This year's race was always going to be one to remember. Biblical rainfall, spectators battling through mud baths and a qualifying session that looked more like Cowes week all contributed to a feint air of anxiety on Saturday evening.
Fans marched in their thousands to the banks and hills with wellies, rain macs and brollies and from the moment the gates opened at 6am on Sunday, queues and tailbacks quickly formed.
It was damp, humid and muddy, but that rock steady British stoicism was in full force. Everyone looked happy, no matter if they were knee-deep in mud or battling for space on the swamped hills. And from what I could see, once people positioned themselves in view of the track, all else was forgotten. As the clouds cleared and the sun even started to shine, the atmosphere changed to overwhelming anticipation.
As the drivers made their way to the grid, a swarm of people positioned themselves to catch sight of the cars. Lewis Hamilton drove past to a chorus of rapturous applause and cheers, while most were out of their seats in the grandstands.
Then it was cameras at the ready as the commentators geared up to wax lyrical at near identical revs to the cars. And it was go, go, go for yet another immersive race.
The only other British track I've been to is Brands Hatch, and while it’s easy to walk the whole way round, blink and you’ll miss the action. Silverstone, however, offers you a long sweeping look at the F1 car howling past and you can savour the aural delight of those high-revving V8 engines for a good few seconds after the cars have swooped past in a lightning flash. The track looks as wide as a dual carriageway, certainly much bigger than the TV cameras suggest.
Just don't forget your ear protectors. Once you get up close to Club Corner or look over the fence at Copse, that aural delight experienced when the track is out of view suddenly turns into a full on acoustic assault when two or more cars are in chase. A high-pitched wail resonates for a split-second, then the booming exhaust and thud of tyre on kerb fizzles out before it’s all back again for the next lap. It’s a breathtaking experience.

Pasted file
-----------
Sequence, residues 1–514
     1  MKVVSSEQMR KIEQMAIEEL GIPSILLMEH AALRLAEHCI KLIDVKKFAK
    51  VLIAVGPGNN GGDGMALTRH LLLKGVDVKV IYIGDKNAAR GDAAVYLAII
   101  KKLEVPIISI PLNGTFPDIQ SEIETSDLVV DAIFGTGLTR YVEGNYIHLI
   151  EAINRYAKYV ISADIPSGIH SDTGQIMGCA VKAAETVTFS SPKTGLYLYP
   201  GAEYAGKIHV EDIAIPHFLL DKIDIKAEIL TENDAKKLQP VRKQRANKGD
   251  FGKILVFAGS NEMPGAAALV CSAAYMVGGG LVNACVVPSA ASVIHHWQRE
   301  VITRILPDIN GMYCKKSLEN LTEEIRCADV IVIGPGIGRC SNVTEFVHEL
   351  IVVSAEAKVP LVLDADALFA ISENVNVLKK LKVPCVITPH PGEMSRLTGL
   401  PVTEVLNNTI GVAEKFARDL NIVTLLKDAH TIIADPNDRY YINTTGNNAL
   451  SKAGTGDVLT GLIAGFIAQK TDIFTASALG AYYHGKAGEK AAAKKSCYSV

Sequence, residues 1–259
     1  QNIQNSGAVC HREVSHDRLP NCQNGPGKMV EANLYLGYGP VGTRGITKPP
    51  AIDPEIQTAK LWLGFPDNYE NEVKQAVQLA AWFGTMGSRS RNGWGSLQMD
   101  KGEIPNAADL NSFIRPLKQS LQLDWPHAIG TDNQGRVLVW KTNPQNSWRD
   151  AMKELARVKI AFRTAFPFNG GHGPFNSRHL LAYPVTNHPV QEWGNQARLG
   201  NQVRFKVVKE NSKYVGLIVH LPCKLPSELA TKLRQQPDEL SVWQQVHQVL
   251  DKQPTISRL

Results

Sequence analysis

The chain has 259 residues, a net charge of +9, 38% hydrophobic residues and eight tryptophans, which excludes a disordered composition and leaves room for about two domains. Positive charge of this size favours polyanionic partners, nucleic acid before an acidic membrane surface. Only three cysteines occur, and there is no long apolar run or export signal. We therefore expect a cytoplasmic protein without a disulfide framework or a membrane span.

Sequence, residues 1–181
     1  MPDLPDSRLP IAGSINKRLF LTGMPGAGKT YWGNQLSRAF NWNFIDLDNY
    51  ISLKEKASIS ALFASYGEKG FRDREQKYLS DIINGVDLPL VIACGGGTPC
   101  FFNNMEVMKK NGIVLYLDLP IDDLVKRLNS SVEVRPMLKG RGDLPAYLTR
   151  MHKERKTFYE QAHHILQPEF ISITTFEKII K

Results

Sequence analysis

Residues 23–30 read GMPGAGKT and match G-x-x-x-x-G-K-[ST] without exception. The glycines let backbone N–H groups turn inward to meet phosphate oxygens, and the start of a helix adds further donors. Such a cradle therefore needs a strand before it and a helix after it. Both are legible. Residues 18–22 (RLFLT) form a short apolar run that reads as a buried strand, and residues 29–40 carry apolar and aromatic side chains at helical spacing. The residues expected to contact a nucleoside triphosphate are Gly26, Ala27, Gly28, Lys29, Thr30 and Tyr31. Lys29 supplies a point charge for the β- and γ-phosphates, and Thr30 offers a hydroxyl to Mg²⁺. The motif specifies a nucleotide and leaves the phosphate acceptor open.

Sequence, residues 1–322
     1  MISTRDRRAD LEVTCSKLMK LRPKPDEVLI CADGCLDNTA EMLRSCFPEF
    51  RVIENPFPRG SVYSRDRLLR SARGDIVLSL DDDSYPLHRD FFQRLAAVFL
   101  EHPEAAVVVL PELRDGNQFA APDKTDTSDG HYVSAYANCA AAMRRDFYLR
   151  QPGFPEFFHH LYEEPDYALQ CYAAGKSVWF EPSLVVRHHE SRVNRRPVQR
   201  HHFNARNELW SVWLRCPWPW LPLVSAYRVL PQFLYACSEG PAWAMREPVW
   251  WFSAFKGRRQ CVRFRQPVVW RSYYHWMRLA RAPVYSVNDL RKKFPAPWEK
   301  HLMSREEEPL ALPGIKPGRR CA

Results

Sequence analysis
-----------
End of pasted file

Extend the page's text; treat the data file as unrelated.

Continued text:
A dogfight ensued on lap 18 between Spaniard Alonso and Brit Hamilton that had the crowd on tenterhooks and the team managers biting their nails over whether Hamilton would lose vital grip and go trailing down the leader board.
It took a further four laps for Hamilton to finally pit and rejoin the grid in seventh, but as a spectator, it felt like nano seconds. It was this moment, and the winning maneouvre from Webber four laps from the finish that really made the race come alive. The atmosphere must have been electric in the grandstands when even the po-faced expressions of the world's media changed to smiles and the room was lifted by applause as Webber crossed the line.
What I didn’t prepare for is just how fast it’s all over. 52 laps feel like five and the relentless pace of the cars is shocking even compared to the Porsche Carrera Cup GB.
It's no wonder that people do pay up to £300 for the British Grand Prix. It’s the same for any kind of motorsport; the fans aren’t paying for the race, they’re here for the whole event. For most, it’s worth every penny to catch a glimpse of ‘the top three’ describing their performance to the world’s media or even to see Lewis Hamilton riding his motorbike into the paddock car park and casually strolling into the paddock before the race. Even the chance to get up close to numerous celebrity faces was enough for queues to form for picture and autograph requests.
After a full day of just taking it all in I had a two-and-a-half hour traffic jam in front of me before the M1 even came into sight, but it didn’t matter. I was already planning next year’s vantage point. If truth be told, you can’t appreciate the full experience in one weekend. For that reason, I’ll be just one of the 125,000 plus fans making the early morning trip next year to get that dose of race day magic.
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